Free press sports writers Shawn Windsor, Chris Solari and Rainer Sabin make sense of Big Ten̵
Detroit Free Press
The big ten may, after all, play football in 2020. But as of Tuesday night, no decision had been announced to restart the season.
Conference leaders are expected to approve an eight-game schedule, nine weeks that could begin as soon as Oct. 17, the Milwaukee Journal Sentinel and other media reported Tuesday. It would place the Big Ten Championship on Dec. 19, the day before the College Football Playoff pitch is scheduled to be unveiled. There is also a possibility that the season could begin on the weekend of October 24th.
On Tuesday night, Michigan President Samuel Stanley addressed members of the football program in a Zoom video conference call, and while Stanley did not reveal any news on when the season could begin, several people who attended the call said Stanley expected to provide an update soon .
When exactly it is left to see.
A senior at a Big Ten school told Free Press on Tuesday that it is still unclear whether all 14 teams will play or whether some may opt out of the season due to concerns over COVID-19 and other risks. Conference presidents and chancellors were not expected to announce a decision to resume the season on Tuesday, according to Pat Forde of Sports Illustrated. It has been expected that the conference will move together.
“I would say we are all moving in the big ten,” Wisconsin Chancellor Rebecca Blank said Monday in a conference call with reporters. “We should all play or not, if we can at all. This is not going to be a school-by-school thing.”
Tuesday marked the latest chaotic day in the big ten-month soap opera.
On Tuesday morning, President Ted Carter of the University of Nebraska was caught before a press conference on an open microphone by Lincoln TV station KETV, who said the conference planned to announce that it would resume football later that evening.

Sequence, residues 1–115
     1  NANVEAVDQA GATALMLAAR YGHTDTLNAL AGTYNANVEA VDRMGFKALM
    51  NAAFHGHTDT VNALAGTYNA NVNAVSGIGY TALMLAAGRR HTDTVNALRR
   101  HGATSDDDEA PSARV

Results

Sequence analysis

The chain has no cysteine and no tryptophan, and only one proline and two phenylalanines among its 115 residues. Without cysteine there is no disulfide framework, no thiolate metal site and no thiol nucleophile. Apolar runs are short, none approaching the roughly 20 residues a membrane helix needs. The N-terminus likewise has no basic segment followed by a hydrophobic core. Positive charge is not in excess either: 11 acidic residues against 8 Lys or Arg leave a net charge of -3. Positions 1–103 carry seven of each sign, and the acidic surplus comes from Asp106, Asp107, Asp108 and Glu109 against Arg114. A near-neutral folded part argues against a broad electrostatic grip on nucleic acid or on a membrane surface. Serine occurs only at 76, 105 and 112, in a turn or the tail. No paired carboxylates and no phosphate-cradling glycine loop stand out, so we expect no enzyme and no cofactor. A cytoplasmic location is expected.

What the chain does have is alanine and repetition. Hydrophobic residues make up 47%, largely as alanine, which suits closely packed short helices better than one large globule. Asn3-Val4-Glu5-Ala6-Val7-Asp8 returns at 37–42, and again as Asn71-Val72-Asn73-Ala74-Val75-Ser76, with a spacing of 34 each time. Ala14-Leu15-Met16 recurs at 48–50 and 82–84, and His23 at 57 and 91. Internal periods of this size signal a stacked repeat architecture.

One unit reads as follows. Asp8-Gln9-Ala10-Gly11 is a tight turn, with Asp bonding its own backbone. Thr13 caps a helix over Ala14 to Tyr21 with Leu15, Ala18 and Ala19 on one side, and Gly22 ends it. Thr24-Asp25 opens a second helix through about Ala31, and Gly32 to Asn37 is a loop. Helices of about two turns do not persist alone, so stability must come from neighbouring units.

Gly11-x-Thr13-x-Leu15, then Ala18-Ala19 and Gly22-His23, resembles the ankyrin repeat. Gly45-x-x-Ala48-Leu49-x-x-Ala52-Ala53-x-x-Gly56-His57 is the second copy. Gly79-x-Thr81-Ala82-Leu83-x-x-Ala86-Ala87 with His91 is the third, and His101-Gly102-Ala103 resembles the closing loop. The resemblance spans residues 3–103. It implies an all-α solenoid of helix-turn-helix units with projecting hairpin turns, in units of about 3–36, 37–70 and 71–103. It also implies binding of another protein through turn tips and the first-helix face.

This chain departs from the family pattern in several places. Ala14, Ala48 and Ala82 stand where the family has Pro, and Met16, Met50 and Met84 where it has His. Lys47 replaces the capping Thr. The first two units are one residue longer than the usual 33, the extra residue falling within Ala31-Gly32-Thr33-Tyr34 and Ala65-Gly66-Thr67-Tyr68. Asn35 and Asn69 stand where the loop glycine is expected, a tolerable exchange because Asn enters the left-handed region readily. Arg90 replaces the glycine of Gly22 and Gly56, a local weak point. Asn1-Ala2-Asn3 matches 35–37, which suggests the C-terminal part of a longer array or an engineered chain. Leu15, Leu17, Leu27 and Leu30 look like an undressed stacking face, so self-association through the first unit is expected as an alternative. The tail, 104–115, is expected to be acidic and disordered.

“We’re getting ready to announce Husker’s and Big Ten football tonight,” said Carter Bob Hinson, director of the National Strategic Research Institute, in a disguised conversation captured on camera and audio.
Around the same time – via video ahead of a hearing of the Senate subcommittee on health, education, labor and pensions on the NCAA’s rules on name, image and equality – Blank, Chancellor of Wisconsin, was avoiding questions about whether the Big Ten would resume football and autumn sports.
“I do not want to talk about it. You will have to let the big ten make this announcement when and if such a decision is made, ”she told Sen. Tim Kaine (D-Virginia). “When such a decision is made, your first question should be, ‘What has changed?’ … I can not say what the vote will look like. Decisions within the big ten are largely majority-based decisions. But I have to be honest, we almost always decide by consensus. We very rarely take votes. ”
All of this came after Ohio State cardiologist Curt Daniels, co-author of a paper on the link to myocarditis (heart infection) among athletes who tested positive for COVID-19, told Columbus Dispatch that he was researching with Buckeye’s chief team physician Dr. James Borchers had been misunderstood. In the study, released Friday, they reported that four of 26 OSU athletes showed signs of myocarditis, while also adding that the study is still ongoing because it is an extremely small sample size.